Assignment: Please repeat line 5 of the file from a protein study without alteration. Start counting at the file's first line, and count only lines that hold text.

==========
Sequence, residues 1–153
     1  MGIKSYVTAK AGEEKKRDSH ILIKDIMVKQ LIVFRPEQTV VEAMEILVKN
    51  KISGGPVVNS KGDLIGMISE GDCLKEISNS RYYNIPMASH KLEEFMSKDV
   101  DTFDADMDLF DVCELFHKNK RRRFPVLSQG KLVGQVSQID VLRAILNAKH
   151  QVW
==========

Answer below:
   151  QVW